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Is the Present Day Athlete Prepared for the Initiation of Athletic Performance Enhancement Training?

Today’s guest blog is from Rob Panariello. Rob is an individual who has my deepest respect. Click here to read an interview I conducted with him a while back. What I really love most about Rob’s stories is the respect and reverence that he shared for his fellow strength coaches. It shines through in his writing. I’m really close to some of the strength coaches and professors out here in NZ so I can relate. Rob’s post today is on early specialization; a growing problem in the United States.

Robert A. Panariello MS, PT, ATC, CSCS
Professional Orthopedic and Sports Physical Therapy
Professional Athletic Performance Center
New York, New York

The lack of early age athletic “preparation” as well as the common occurrence of youth athletic “sports specialization” is presently an all too common theme in the United States. The dream of a college scholarship and perhaps an ensuing professional payday appears to often be the incentive for such early sport specialization. However, too early a sport specialization does have its consequences. An example of such a consequence is the 12-year-old baseball pitcher whom I recently rehabilitated after arthroscopic elbow surgery. According to his father “this young man is going to be the next Roger Clemens”. Obviously the father did not realize that throughout Roger Clemens athletic career, this Hall of Fame caliber pitcher never had elbow surgery. My time and experiences with this young athlete was my incentive to write this article.

The athletes of today live in a much different society than the athletes of decades past. The days of walking or riding a bicycle to one’s destination is often replaced with a car ride from parents, an arranged “carpool”, or perhaps a helping hand from a friend or neighbor.  The advances in technology have provided us with the Internet, a venue for obtaining information effortlessly and provides an ease of multiple tasks as it is no longer necessary for one to leave their home as often to make a sales purchase, communicate with friends, travel to the public library, etc… and essentially producing instant gratification at one’s fingertips.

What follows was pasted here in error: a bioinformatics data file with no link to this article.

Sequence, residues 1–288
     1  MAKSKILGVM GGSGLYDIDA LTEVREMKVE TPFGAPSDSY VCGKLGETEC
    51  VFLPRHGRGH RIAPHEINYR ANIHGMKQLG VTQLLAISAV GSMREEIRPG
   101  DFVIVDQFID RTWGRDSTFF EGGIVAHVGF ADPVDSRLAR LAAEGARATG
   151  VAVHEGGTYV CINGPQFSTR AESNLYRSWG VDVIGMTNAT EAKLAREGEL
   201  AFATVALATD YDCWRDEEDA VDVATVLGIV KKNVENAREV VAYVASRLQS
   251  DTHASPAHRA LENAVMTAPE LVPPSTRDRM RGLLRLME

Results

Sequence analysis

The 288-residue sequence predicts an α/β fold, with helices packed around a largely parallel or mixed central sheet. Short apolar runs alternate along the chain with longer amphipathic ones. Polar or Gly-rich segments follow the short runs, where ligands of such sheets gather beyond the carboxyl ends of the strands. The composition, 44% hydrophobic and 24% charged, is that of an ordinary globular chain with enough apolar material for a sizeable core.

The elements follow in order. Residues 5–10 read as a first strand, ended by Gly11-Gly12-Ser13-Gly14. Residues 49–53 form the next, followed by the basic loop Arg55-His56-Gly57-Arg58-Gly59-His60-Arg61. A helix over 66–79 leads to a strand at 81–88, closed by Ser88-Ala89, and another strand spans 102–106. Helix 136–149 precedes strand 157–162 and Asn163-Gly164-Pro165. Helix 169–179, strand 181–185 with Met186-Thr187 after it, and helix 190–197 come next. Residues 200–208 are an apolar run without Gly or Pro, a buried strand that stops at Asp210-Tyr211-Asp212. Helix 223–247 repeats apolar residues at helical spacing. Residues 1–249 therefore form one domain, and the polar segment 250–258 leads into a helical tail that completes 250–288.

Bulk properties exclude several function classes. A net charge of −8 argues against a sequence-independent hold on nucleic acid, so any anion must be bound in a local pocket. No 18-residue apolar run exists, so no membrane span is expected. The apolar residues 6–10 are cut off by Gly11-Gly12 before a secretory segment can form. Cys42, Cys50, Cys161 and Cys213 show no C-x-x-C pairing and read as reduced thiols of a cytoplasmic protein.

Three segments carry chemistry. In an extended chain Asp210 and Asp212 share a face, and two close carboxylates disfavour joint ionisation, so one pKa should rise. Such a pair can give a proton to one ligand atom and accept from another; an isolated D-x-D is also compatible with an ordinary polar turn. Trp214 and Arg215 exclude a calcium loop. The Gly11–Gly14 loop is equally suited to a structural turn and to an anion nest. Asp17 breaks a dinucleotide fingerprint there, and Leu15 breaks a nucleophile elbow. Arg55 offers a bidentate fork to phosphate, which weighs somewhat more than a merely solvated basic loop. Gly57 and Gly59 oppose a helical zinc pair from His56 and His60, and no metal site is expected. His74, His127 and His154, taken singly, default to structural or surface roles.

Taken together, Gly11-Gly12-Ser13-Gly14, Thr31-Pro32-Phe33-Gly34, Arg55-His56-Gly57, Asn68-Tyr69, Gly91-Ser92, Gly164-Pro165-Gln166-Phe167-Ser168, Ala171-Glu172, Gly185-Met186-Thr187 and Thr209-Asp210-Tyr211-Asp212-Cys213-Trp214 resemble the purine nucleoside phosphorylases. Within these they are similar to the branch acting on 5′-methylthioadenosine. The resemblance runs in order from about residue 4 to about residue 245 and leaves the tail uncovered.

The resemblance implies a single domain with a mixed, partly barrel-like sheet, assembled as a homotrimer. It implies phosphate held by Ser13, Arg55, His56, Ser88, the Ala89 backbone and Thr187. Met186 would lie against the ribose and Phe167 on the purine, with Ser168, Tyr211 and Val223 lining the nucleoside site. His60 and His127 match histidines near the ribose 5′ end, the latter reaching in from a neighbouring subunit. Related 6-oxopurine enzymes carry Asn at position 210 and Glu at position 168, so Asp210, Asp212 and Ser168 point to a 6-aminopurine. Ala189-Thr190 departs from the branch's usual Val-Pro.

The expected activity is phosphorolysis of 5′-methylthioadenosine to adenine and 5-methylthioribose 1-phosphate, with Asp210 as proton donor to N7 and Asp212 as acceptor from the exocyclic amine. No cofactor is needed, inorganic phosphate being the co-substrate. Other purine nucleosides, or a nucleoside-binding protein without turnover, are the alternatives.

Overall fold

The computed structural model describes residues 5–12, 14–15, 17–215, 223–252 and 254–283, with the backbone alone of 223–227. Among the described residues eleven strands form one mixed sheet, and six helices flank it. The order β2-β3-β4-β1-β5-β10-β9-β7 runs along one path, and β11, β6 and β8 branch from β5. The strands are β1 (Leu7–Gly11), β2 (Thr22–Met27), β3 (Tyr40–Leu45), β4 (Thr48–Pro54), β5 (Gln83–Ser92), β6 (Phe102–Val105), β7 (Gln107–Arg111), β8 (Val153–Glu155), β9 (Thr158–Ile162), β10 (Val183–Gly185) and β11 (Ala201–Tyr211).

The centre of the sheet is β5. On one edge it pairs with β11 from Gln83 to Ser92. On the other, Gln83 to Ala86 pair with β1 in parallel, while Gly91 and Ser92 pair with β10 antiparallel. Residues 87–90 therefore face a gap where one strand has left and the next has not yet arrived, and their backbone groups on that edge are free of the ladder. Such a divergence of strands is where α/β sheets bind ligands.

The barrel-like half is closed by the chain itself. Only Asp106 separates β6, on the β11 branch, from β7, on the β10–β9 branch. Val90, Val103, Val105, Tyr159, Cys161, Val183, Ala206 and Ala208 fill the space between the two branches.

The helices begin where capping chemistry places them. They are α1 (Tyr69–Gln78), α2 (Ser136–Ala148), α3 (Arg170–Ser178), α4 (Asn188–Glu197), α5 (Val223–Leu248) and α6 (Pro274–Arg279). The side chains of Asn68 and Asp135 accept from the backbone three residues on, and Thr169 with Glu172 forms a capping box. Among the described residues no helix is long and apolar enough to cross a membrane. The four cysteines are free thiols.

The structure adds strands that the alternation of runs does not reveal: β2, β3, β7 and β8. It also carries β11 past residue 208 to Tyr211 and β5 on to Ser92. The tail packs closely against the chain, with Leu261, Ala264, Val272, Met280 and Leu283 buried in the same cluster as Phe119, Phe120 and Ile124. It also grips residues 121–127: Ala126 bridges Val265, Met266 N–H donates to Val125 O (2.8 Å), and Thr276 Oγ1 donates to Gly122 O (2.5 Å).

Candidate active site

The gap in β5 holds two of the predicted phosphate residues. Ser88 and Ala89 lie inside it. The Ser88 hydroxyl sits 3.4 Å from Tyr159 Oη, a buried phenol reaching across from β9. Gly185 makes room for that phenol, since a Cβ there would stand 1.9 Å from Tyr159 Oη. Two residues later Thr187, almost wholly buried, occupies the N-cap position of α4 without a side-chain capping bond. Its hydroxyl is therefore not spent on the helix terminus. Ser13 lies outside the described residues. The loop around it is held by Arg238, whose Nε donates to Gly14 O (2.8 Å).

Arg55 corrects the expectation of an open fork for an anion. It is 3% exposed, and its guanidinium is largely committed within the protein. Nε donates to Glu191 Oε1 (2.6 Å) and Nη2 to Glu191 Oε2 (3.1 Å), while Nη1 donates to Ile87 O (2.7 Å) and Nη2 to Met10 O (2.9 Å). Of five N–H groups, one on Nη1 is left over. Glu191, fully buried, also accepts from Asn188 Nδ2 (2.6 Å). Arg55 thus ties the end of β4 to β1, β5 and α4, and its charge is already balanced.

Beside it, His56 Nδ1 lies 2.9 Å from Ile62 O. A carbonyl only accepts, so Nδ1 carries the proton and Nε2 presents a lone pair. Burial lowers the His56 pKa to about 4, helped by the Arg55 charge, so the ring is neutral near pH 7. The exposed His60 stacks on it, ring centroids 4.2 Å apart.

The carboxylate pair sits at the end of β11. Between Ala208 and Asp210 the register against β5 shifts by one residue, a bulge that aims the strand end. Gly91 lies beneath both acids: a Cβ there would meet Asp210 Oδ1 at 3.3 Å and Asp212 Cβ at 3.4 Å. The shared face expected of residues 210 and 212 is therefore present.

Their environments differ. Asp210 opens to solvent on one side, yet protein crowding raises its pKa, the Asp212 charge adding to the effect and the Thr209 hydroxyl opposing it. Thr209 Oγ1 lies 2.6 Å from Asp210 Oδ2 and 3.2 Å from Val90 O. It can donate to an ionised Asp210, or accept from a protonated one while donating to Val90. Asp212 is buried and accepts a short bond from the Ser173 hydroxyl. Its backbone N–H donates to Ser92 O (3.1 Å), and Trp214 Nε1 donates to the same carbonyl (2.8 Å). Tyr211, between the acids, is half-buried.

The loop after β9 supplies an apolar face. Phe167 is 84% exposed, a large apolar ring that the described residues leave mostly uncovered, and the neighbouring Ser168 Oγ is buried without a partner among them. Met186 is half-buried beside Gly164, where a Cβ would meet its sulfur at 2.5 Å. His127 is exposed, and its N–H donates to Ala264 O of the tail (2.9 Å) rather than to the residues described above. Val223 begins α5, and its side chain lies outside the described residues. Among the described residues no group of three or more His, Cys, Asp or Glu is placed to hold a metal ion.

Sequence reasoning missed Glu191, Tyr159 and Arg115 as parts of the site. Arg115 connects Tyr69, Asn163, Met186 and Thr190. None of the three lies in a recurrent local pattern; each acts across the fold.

The days of sandlot competition and playground pick-up games have been frequently replaced with various video games played at home in a sedentary position. However, there are certainly millions of children, teenagers, and young adults that participate in athletic activities. Some of these young athletes partake with the aforementioned dream of their participation evolving as a gateway to a college scholarship and perhaps even an eventual professional occupation. Though the number of Americans that participate in some type of physical activity, and more specifically, the number of present day athletes who physically train with the goal of athletic enhancement is probably at an all time high, the question arises are these athletes prepared for the stresses of vigorous Athletic Performance Training as well as the enduring repetitive stresses that will occur over a long competitive season? Unlike the athletes of decades past, many of today’s adolescent and teenaged athletes are often sedentary when off the field of play, and many are of the mindset of “sport specialization”, meaning a significant percentage of these individual athletes participate in one specific sport and only that sport activity throughout the year (i.e. 24/7/365).